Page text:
# 10 Ways To Recognize Goat Labor Signs

## Being Able to Anticipate a Goat Giving Birth Tells You When to be on Hand for the Event

The ability to identify goat labor signs gives you notice when it’s time to move the doe to a private area where she can concentrate on the job at hand without interference from the other goats. Knowing the signs of goat labor also alerts you to be available in case the doe should need your help. Unfortunately, not all pregnant goats show signs that kidding is imminent, but most does show at least some of the following signs.

#### 1. The doe bags up.

“Bagging up” is the way goat keepers describe the development of a doe’s udder, or bag, so she can provide milk for her kids. The process of bagging up and producing milk is called “freshening.” If the doe is a first freshener, her udder will mature gradually, starting around six weeks after she was bred and continuing to fill out as birthing time approaches. If the doe has previously given birth, her udder should have receded while her previous milk cycle was on the decline. Such an older doe may start bagging up a month before she’s due to kid, or she may not bag up until mere days before giving birth. Then again, I’ve had does not bag up until after they gave birth. In most cases, when the udder looks tight and shiny, and the teats tend to point slightly to the sides, kids will appear within about a day.

#### 2. The pelvic ligaments loosen.

Just prior to kidding, the hormone relaxin causes the pelvic ligaments to relax. The pelvic ligaments run beside the doe’s tail, one on each side. If you place the palm of your hand above the doe’s tail, fingers pointed toward the rear, and press down with your thumb and forefinger while moving your hand toward the base of the tail, you will encounter what feels like a thin, stiff rope on each side of the tail. This technique is easier to master on does that are neither fat nor heavily muscled. Practice finding these ligaments so you know what they normally feel like. When the doe nears kidding time, the ligaments lose their tautness and, as a result, the tail looks a little gimpy. When you can’t feel the ligaments at all, expect kids within the day. Many goat keepers find this method to be the most reliable goat labor sign.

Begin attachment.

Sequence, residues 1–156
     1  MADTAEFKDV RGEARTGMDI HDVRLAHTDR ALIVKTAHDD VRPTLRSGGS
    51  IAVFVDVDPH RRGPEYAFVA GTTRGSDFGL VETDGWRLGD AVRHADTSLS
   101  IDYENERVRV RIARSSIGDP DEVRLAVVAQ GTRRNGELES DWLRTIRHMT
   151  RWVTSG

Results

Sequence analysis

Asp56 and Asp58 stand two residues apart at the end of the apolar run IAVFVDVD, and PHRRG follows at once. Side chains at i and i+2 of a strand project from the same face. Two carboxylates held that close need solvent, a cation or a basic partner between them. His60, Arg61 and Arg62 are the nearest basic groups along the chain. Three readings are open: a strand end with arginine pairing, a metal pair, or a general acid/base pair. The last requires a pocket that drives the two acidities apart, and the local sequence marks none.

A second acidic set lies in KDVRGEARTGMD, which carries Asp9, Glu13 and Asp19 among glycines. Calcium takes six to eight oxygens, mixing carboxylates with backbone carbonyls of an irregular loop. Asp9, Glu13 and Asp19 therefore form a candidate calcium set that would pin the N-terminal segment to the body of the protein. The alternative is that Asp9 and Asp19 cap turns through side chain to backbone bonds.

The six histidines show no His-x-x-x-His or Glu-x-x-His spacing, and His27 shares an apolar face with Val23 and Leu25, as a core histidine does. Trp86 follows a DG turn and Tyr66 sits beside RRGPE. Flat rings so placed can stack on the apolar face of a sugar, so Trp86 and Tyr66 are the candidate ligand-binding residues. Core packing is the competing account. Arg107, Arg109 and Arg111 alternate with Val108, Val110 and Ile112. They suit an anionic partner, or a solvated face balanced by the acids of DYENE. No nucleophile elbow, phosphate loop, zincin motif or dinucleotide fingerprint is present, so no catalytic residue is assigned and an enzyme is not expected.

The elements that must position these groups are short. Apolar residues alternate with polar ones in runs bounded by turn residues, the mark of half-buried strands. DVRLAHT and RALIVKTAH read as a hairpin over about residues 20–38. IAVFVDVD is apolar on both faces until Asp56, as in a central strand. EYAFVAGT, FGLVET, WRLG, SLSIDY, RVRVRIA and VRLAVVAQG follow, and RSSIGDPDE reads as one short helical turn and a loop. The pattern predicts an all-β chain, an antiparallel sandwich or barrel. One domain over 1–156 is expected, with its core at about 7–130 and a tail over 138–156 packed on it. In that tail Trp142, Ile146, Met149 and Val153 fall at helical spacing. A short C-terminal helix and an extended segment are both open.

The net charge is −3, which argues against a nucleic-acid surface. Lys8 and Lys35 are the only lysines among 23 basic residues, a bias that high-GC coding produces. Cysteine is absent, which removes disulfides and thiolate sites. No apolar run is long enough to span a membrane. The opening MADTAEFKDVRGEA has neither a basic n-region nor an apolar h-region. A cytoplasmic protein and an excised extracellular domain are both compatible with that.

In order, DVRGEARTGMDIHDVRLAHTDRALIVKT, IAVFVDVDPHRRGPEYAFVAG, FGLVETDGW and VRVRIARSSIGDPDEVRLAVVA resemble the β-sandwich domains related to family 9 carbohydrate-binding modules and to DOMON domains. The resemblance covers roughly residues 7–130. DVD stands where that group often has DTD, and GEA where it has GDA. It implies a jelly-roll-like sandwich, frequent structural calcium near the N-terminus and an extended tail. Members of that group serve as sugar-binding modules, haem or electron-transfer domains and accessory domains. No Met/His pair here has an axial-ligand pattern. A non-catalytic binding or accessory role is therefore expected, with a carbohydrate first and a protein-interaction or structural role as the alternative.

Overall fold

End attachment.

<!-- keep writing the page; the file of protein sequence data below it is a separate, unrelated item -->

#### 3. The doe changes shape.

As kidding time nears and the kids start moving into position, the doe’s belly sags. Within about 12 to 18 hours before she gives birth when you press your palms against her flank, you will no longer be able to feel the kids moving around. As the kids drop, the doe’s sides hollow and her hip bones stick out. As the area above the back legs sinks, the spine appears to become more prominent.

#### 4. The doe discharges mucus.

As kidding time nears, you may see a thick string of white or yellowish mucus dangling from the doe’s vaginal opening. Note that some does will drip cloudy mucus as much as a month prior to kidding. What you’re looking for just prior to kidding is a thick discharge that looks like a long, continuous rope.

#### 5. The doe seeks solitude.